Aspring DJ Mandla Maseko from Mabopane township in Pretoria has been selected to be amongst the next generation of space travellers.
The DJ is among 23 young people who saw off 1m other entrants from around the world to emerge victorious in the Lynx Apollo Space Academy competition. Their prize is to be blasted 62 miles up on a sub-orbital flight aboard a Lynx mark II shuttle in 2015. Tickets for the flight are normally set at US$95,000.
“It’s crazy,” said Maseko, the son of a toolmaker and cleaning supervisor. “It hasn’t really sunk in yet. I’m envious of myself.”
He will be the second South African in space following Mark Shuttleworth, a white entrepreneur and philanthropist who bought a seat on a Russian Soyuz capsule for £12m and spent eight days on board the international space station in 2002.
“I’ll be the first black South African and the first black African to go into space. When you think of the firsts, the first black presidents – Barack Obama, Nelson Mandela – just to know your name will be written with those people is unbelievable.”
The young Maseko’s imagination was fired by the science fiction series Star Trek and films such as Armageddon and Apollo 13. “I thought, that looks fun. No matter what life throws at you, you can use it and come out on top. If you get lemons, you must make lemon juice.”
Maseko is aware of his own symbolism nearly two decades after the dismantling of racial apartheid. “I’m a township boy and I’m doing this for the typical township boy who wasn’t born with a silver spoon,” he said.
“I’m not trying to make this a race thing but us blacks grew up dreaming to a certain stage. You dreamed of being a policeman or a lawyer but you knew you won’t get as far as pilot or astronaut. Then I went to space camp and I thought, I can actually be an astronaut.”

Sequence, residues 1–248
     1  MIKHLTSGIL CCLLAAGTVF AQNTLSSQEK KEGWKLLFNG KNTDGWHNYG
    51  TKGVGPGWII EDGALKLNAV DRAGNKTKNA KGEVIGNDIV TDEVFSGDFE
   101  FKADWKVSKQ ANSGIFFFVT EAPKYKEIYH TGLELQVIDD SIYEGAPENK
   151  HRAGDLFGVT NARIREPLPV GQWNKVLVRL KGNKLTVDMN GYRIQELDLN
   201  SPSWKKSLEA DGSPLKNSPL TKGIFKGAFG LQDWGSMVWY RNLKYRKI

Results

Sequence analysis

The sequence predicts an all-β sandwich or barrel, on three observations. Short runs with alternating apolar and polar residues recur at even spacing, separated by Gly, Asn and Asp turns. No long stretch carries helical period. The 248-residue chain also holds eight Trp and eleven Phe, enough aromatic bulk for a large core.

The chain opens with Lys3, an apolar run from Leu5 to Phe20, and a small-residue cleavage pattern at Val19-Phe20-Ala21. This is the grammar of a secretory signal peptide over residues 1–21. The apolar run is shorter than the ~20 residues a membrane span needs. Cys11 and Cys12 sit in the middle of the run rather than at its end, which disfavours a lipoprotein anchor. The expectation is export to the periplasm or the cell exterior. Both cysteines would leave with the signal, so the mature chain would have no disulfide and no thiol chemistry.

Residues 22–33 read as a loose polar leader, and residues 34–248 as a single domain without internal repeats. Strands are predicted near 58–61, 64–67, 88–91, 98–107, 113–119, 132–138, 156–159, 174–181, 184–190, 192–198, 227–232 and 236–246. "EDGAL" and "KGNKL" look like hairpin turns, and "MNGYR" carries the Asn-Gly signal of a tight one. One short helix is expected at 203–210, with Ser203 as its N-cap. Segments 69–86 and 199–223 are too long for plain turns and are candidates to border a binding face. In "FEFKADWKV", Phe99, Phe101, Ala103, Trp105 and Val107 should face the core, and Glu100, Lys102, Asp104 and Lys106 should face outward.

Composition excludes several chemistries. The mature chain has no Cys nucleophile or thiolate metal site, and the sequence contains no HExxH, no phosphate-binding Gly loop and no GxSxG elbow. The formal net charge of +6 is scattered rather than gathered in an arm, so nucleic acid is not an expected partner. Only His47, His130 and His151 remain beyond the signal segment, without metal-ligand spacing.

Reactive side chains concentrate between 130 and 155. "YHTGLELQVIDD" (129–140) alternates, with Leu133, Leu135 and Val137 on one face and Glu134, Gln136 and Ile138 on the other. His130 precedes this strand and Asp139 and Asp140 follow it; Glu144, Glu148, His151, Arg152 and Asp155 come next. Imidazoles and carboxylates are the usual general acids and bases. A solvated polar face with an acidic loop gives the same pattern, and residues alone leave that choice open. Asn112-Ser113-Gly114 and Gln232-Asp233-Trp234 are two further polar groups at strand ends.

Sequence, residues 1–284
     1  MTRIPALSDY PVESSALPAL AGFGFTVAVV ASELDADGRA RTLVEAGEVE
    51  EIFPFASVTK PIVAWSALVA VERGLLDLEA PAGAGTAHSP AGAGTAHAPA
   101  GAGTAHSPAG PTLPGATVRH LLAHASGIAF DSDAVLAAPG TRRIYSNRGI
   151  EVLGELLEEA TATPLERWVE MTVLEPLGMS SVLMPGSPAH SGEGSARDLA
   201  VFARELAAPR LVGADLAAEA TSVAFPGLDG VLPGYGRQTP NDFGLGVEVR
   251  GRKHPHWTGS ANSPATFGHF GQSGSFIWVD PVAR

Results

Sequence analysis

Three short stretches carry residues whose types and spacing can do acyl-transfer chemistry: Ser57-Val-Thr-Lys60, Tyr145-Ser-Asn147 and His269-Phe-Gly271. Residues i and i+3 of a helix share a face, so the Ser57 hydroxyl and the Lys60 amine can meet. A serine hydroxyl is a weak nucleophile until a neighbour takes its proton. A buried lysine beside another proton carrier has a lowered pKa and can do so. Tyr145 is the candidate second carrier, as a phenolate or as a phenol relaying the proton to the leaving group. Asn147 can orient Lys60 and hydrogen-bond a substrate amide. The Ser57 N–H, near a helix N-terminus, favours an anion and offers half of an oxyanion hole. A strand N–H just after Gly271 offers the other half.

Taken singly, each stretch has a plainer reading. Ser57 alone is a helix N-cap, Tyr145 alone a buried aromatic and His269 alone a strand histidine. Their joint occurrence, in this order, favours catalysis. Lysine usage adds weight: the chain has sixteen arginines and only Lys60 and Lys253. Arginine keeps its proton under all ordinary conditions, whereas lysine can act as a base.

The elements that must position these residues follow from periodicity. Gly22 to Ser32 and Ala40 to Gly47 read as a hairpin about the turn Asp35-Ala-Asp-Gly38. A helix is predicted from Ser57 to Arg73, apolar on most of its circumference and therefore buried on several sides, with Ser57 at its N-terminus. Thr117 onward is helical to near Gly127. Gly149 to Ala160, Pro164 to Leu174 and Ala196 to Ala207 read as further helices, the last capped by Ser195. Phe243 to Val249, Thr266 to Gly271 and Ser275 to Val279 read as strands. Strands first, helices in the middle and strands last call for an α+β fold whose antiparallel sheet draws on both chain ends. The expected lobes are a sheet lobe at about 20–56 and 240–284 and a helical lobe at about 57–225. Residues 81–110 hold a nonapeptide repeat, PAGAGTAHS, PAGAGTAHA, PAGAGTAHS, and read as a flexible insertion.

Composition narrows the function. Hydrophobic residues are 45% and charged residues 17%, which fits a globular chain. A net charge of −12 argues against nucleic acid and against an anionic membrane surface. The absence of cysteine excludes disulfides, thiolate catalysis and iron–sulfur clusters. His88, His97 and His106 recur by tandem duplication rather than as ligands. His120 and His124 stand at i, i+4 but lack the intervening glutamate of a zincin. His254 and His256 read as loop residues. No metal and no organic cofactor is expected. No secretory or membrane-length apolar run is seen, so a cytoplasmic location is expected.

Mandla had enrolled as a part-time civil engineering student but had to drop out due to lack of funds. Then in 2013 he spotted an advert for a chance to go into space
In the first week of December Mandla and two other hopefuls from South Africa Dean Roddan and Haroon Osman (from Johannesburg) travelled to the US to join more than 100 international contestants at a space camp in Orlando, Florida. The challenges included assault courses, skydiving, air combat and G-force training, building and launching a rocket, and a written aptitude test. The judges included the astronaut Buzz Aldrin.
Africa has growing space ambitions: the majority of the Square Kilometre Array, the world’s biggest and most powerful radio telescope, will be spread across South Africa and eight other countries on the continent.
Another of the 21 candidates selected was Omar Samra, who will be the first Egyptian in space. “Tonight was one of those epic moments in a man’s life. When you get the privilege to go to a place where few have,” said Samra on his official Facebook account.